- Sunday, December 8, 2013
A stump is not long dead in the providence of a living forest. Is anything really dead under this canopy of leaves? Fallen tree trunks become nurse-trees giving life to the next generation of growth; saplings press roots through rotting wood and grow in time to the astounding shape of a stilt-tree, standing on its roots several feet above the ground. “A shoot shall come out from the stump of Jesse, and a branch shall grow out of his roots” (Isa. 11:1). An anthem appointed for the burial office begins, “In the midst of life we are in death” (BCP, p. 484). We may, with theological attunement, transpose the sequence: In the midst of death we are in life.
God will give life from a dead stump by bringing forth one whose “delight shall be in the fear of the Lord” (Isa. 11:3). “With righteousness he shall judge the poor” (Isa. 11:4). “He will awake a sleeping earth with the rod of his mouth and with the wind of his breath he will kill the wicked.” Kill the wicked? This is hard, to be sure, and such words must be weighed carefully in the present environment. The language is, of course, dramatic, startling. We might say less; we might say that God loves us and accepts us in our wickedness. God understands, we tell ourselves. So permissible an understanding would leave us languishing. Such a God cannot save.
The truth is this: in Jesus Christ “wickedness is put to flight, sin is washed away” (Exultet, Easter Vigil). The death of our wickedness in the burial of baptism is the beginning of a completely new life — not a life improved, not a life enhanced, not a life extended, but rather a new creation. The death of wickedness means the emerging possibility that we may live as the sons and daughters of God, forgiven, freed, made new. We do not, of course, hunt for the wicked. “All have sinned and fall short of the glory of God” (Rom. 3:23). We ourselves die in union with Christ. Our sins are sown to the cross. Our nature is raised with him, and he, by the Spirit, gives new life to bodies and souls. Finally, we may tell a truth without caution: “They shall not hurt or destroy on all my holy mountain; for the earth shall be full of the knowledge of the Lord as the waters cover the sea” (Isa. 11:9). Another truth: “May the God of hope fill you with all joy and peace in believing, so that you may abound in hope by the power of the Holy Spirit” (Rom. 15:13). Jesus is the branch growing from the stump of Jesse. He is life itself emerging from apparent death.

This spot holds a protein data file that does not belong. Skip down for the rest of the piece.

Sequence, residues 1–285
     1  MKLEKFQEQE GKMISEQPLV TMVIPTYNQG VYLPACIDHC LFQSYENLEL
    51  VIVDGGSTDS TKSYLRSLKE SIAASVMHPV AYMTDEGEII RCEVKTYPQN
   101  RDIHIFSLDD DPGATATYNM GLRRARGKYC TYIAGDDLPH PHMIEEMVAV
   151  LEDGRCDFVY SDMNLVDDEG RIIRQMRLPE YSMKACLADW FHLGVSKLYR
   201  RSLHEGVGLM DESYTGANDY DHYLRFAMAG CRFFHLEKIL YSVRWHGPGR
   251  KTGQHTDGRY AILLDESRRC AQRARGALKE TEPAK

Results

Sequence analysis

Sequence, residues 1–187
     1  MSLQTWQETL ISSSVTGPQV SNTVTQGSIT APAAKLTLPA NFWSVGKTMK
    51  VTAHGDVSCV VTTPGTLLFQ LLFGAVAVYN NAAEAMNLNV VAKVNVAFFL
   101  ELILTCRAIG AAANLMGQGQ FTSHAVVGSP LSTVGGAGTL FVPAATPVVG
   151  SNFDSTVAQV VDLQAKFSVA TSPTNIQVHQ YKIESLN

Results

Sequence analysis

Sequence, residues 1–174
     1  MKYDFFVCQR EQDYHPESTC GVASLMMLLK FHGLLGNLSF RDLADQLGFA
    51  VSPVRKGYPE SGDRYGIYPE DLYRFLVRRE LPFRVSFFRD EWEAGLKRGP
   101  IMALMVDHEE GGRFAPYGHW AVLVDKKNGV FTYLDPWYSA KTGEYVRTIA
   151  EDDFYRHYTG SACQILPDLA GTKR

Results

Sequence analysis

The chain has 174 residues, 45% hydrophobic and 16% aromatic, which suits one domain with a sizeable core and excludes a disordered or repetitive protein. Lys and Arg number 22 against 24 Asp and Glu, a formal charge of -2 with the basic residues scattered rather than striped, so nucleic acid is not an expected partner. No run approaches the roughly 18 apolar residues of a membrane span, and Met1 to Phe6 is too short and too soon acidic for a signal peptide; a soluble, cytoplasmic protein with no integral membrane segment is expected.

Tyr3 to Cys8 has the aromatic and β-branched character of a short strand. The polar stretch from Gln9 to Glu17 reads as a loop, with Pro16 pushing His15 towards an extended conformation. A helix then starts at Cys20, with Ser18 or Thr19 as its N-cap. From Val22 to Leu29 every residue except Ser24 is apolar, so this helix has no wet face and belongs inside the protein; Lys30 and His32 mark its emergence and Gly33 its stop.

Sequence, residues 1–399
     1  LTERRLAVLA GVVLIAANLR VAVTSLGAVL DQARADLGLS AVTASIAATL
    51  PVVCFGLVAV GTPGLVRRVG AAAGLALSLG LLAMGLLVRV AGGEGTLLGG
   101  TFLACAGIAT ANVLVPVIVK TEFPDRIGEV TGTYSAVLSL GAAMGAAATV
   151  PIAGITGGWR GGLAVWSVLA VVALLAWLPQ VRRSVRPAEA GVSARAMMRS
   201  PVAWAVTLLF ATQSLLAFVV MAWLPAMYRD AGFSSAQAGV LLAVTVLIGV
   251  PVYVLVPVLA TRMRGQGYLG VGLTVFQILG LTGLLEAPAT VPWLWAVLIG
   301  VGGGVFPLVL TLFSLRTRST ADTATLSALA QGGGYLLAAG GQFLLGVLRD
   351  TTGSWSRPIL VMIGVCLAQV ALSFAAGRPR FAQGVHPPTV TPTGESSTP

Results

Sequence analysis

How do we get this life, this love, this hope? We start by looking with a new awareness and listening with a new keenness. It is not a question of personal effort, but of God’s own action in sending a man from the wilderness, dressed in camel’s hair with a leather belt around his waist. The man takes locusts, dips them in honey, dining in strange simplicity. He has our attention. We may laugh or mock, but for one arresting fact. When he speaks, saying, “Repent, for the kingdom of heaven has come near,” we know that he is telling the truth. He tells us that the ax is lying at the root of the trees, and we know he is telling us to bear fruit or bear death. We know. We hear the call and feel our own inner panic. But how? How shall we change?
Finally, the mystery unveiled: “He will baptize you with the Holy Spirit and fire!”
Look It Up
Read Ps. 72:19. Do you see it?
Think About It
God will bring forth.